(Ok, ok, she didn't really say that... but I could tell she was thinking it.)


By popular demand, Janis on an ironing board showing off her business end.
Hands off gentlemen, she's all mine.

Wednesday, December 5, 2007

Winter SMARTS!

Ok, the thing about changing seasons is that it really tests your long term memory and quite possibly, as in the case of winter, your survival skills. This week was our first decent snow, precluded by some freezing rain about 3 days prior.

Lessons learned last year:
-Park the car more than a shovel's width away from the house.
-It takes less than a half inch of ice to seal the bottom of the gate that separates the house from the garage and driveway. Best case scenario is to swing open the gate a couple times during inclement weather so snow/slush won't build up and the make the door stick. Plan B, just leave the gate open or you'll be walking around from the front door for the next 3 months.
-Do not put every ice scraper you own in your car. Keep a spare one OUTSIDE your car so that you can get INTO your car after an ice storm.
-Never assume that snow/sleet/meteorites will melt before the next round or weather hits, take action immediately.

How this year has played out so far:
When the ice hit on Saturday, I was actually out in it running some errands which, from a survival point of view is good because if your car is warm when the rain starts turning, then you get less ice build up and it's easier to keep clean. This also forces me to work the gate on my way back into the house, so I figured I'm covered.

Sunday comes and I realize that in my haste on Saturday, I had only opened the gate the width of my body, which created a nice door jam on the other side. Knowing that if I don't take care of this now, chances are good I'll be shimmying through the gate until April, I start kicking the ice dam flat. The whole time I'm congratulating myself on my forward thinking and at the same time glowering because if I hadn't opened the door half-assed in the first place, I wouldn't have this problem. I'm also reminded that now, instead of one solid (breakable) sheet of ice on my car, I have thousands of ice barnacles staking their claim on my windshield. Fantastic. I can, however, still get into my car and whip out my scraper so I didn't have to use the backup one in the garage.

Monday I casually noted that I could no longer see through the gap that is traditionally under the garage door on account of snow had drifted in front of it. I look over at my neighbors garage and see that his is wide open so I deduce that surely it wouldn't be that tough to open mine. I give the handle *one* ineffective tug and figure that A) it's going to melt away by the time I get back from work, and B) I don't need anything in the garage anyway. Both of which, as it turns out, were incorrect.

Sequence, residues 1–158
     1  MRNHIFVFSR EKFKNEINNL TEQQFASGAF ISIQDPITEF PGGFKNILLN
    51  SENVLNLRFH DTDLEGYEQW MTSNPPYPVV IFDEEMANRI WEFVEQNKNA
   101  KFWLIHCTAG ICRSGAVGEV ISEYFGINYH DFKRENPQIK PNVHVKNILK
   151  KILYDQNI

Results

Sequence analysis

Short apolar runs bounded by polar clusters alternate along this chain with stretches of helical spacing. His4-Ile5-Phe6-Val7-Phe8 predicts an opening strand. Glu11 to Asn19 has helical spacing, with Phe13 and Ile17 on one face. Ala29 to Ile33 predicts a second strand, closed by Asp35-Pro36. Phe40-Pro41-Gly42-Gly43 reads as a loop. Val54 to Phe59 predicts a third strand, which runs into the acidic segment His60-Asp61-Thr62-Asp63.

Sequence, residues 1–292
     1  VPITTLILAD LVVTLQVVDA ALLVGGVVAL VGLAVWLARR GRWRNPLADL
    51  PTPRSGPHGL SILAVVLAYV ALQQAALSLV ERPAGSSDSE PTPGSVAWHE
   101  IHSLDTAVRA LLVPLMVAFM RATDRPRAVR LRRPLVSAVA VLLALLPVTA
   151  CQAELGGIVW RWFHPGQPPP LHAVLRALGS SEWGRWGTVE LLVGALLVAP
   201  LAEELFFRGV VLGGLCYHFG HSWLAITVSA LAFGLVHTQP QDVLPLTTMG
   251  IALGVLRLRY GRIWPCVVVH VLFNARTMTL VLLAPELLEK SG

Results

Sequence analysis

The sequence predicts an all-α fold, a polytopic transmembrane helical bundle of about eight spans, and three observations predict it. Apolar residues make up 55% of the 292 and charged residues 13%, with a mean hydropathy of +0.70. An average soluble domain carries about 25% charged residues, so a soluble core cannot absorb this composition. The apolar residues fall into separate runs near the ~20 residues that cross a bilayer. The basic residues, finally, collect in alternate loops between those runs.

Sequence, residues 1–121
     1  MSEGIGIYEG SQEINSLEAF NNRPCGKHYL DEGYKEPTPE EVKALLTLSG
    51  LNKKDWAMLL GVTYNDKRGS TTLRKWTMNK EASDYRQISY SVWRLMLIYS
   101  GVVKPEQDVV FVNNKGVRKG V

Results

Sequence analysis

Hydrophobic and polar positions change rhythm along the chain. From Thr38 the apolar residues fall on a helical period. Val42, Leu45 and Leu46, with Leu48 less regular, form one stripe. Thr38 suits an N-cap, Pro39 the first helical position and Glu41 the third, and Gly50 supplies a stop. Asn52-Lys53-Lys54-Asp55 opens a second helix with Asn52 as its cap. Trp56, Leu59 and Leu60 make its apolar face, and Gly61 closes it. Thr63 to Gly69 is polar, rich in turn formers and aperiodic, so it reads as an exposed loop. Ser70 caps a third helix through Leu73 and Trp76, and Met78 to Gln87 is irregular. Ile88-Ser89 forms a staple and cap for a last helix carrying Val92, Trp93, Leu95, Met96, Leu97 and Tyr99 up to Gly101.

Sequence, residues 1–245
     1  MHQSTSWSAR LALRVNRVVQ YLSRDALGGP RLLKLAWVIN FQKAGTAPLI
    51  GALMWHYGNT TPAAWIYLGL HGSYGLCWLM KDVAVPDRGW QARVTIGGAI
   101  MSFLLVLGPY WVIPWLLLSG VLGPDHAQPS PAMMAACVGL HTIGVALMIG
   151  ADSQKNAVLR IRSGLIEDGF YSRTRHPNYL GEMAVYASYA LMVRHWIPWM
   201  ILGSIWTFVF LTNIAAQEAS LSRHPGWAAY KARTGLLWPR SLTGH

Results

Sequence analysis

Tuesday morning, Colorado gets sacked and all the forecasters say 6 inches of snow are coming our way. Fine. Whatever. Nothing starts coming down for us until late afternoon, so I'm driving home from work thinking that it would be a good idea to clean up some of the ice on the driveway before it gets a layer of snow on top. How very proactive of me! And then it hits... and this is pretty much the exact conversation I had with myself:

"The shovel is in the garage. Crap. If I can't get into the garage, I can't shovel snow. Ok, don't panic... what else can I use? Pitchfork? Also in the garage. Spade? Garage. Chainsaw? Hoe? Hedge clippers? Garage. Garage. Garage. Ok ok ok deep breath... reapproach the issue. What do I have in the house that could be used to chip ice? The only thing we've got with a handle in there is a broom. Son of a *CENSORED* I'm going to be out there with a BEEPING hair dryer on a BEEPING extension cord freezing my BEEPS trying to open my BEEPING garage in the dark because I'm a BEEPING lame BEEP-Head."

So I get home Tuesday afternoon convinced that I'm going to be out there in the snow chipping ice on my knees with a screwdriver. And out of desperation, I check the basement one more time. Well, you know that tool your dad has that's probably 40 years old but looks like it was recovered from a Civil War battle site? The one that you know has only been used for it's actual intended purpose, like twice, but is your dad's 'Go To' tool. You know the one. You tried buying him a brand new one for $18 last Christmas from Menards in hopes that he'd get rid of the old one, but that didn't work. He won't give it up, won't let you borrow it, and refers to it as 'SHE' while using phrases that should only be used toward your mother like, "They just don't make them like her anymore," or "She ain't much to look at, but she's always been there for me."

For my dad, it's this hammer that looks like a prop from the movie Hostile. He tries to explain how it's balanced just perfectly and the grip is just right and blah blah blah, but really... there's no need to explain. Really. I understand.